Things weren’t all bad in Houston. In fact, Scoggins remembers the time fondly as a great way to break into the industry. It’s also where he met his wife, Amy. At the time, she was working in public relations for the Women’s Tennis Association. A few months after the Houston Post folded, she took a job transfer to Connecticut and Scoggins offered to drive her moving truck north. When they arrived, he found a gig as a sports editor at a small town newspaper and decided to stay. They began dating seriously and over the next few years bounced from Connecticut to North Carolina to Chicago before getting married and settling in Woodbury in 2000 when Scoggins scored a job at the Star Tribune.
“I can’t imagine a better place to live,” Scoggins says of his now hometown. As the couple became more comfortable in Woodbury, Amy decided to run for city council in 2004 and continues to serve. Now with three children, Megan (age 13), Spencer (age 11) and Joe (age 8), the family is a fixture in the community.
“When we first moved here, we were newly married with no kids,” Amy Scoggins says. “Now, 14 years later, life gets very busy trying to figure out how to get everybody from point A to point B. You feel like it’s a miracle when it comes together.”
Chip Scoggins in the media box before game 6 of the Wild playoffs vs. the Avalanche. Photo by Carlos Gonzalez.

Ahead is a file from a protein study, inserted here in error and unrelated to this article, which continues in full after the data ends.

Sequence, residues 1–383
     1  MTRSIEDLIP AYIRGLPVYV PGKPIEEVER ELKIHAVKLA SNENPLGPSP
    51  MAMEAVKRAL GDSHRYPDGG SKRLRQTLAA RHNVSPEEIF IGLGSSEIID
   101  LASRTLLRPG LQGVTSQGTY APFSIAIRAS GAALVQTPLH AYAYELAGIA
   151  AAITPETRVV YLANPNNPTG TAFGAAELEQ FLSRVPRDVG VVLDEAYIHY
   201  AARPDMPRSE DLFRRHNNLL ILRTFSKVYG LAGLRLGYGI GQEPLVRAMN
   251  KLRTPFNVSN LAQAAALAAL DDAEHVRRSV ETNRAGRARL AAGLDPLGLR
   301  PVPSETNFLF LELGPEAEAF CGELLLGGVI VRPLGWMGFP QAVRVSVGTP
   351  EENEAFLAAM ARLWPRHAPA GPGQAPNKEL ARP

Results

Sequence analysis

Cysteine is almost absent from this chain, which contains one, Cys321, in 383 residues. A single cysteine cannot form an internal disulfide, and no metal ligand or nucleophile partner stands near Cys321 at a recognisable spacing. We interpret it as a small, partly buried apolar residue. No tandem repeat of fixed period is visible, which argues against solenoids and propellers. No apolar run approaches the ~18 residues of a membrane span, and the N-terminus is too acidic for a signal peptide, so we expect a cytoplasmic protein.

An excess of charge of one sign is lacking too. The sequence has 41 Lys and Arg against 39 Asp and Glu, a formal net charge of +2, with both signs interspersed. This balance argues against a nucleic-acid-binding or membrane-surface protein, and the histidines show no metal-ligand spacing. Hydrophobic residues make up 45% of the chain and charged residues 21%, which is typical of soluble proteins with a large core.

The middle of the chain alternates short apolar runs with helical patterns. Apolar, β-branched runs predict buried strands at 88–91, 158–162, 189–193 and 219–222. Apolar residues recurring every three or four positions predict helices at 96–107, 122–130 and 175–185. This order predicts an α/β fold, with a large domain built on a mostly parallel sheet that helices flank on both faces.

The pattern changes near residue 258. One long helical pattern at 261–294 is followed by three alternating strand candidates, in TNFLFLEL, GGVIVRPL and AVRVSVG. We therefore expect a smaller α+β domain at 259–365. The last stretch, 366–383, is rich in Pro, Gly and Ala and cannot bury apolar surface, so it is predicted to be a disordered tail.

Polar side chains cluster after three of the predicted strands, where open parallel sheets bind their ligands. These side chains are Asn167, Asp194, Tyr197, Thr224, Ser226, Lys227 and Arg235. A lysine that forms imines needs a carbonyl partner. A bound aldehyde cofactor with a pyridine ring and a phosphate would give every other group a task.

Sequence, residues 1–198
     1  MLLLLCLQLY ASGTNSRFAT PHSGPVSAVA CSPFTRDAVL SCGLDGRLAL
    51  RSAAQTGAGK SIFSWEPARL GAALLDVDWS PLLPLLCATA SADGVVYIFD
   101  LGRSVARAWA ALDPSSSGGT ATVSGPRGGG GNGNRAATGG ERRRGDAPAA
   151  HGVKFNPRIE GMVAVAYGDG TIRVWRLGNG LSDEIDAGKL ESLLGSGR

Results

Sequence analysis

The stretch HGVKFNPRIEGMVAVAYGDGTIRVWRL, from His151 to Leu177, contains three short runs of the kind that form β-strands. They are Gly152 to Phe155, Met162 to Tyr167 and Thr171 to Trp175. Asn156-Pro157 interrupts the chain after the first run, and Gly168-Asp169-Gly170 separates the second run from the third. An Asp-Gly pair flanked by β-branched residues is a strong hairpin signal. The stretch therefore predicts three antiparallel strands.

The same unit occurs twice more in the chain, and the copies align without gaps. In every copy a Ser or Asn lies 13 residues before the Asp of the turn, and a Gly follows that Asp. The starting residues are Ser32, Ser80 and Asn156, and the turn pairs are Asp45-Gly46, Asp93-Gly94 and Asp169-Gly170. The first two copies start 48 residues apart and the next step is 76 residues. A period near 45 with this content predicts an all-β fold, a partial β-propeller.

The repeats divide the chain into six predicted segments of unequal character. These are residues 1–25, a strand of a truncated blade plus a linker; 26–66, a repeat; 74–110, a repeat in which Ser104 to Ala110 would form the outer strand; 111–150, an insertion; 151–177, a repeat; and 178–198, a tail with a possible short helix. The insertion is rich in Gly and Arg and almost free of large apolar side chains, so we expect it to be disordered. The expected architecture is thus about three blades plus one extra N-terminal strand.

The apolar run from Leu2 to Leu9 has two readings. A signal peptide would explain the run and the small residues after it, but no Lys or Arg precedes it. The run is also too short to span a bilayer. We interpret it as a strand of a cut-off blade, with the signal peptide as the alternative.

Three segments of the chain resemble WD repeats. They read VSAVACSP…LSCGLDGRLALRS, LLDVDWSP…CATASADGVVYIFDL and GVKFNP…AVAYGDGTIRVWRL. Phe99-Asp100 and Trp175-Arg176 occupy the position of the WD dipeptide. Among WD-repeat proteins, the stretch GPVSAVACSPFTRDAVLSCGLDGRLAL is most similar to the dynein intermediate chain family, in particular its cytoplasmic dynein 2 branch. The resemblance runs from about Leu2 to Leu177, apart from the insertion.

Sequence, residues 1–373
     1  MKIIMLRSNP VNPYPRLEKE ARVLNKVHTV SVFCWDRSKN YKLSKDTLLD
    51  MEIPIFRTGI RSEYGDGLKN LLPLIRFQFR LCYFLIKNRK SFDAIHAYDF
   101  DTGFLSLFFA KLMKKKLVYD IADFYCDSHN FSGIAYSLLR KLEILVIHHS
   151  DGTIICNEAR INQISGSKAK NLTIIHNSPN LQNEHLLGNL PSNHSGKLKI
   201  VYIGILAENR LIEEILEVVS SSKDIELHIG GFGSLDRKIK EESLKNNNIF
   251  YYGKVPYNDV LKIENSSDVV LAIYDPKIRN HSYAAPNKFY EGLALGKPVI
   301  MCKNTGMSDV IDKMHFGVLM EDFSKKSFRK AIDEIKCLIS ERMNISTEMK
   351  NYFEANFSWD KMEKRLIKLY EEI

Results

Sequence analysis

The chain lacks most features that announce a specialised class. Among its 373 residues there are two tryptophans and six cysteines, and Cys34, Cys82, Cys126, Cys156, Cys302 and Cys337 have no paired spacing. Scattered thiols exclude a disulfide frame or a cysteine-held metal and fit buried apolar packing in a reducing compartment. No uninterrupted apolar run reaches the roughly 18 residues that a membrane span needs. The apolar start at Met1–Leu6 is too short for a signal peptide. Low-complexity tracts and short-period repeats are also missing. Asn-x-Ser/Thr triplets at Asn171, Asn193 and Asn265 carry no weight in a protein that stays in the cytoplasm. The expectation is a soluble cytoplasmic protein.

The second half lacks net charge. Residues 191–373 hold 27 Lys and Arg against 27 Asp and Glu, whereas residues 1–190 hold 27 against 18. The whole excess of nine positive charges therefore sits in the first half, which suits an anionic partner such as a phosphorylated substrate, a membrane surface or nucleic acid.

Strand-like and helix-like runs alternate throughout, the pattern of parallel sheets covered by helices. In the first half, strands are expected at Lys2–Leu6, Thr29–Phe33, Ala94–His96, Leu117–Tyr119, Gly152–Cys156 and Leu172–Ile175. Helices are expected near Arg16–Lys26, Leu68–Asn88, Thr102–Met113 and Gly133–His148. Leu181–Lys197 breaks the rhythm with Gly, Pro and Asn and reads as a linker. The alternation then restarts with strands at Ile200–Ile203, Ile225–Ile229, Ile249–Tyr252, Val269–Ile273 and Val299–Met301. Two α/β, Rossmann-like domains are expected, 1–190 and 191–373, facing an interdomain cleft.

Life certainly isn’t slowed by a sportswriter’s hectic schedule. In 2003, when Megan was 2 years old and Spencer was a newborn, Scoggins covered the Wild. Things were crazy at home, but he couldn’t be there because the Wild were in the midst of an unexpected playoff run. “I remember getting up with Spencer in the night to see if the Wild won or lost,” she says. “In a way I felt bad, because I hoped they’d lose so Chip could come home.”
She also knew, and still knows, that travel is part of the job for her husband. Sometimes it’s difficult, and Scoggins says he misses a few dance recitals and basketball games, but they’re really just like any other family that has to deal with crazy work schedules. “It makes it easier when he’s on the road or covering a game on a Saturday that at least I know he is doing what he loves,” Amy says.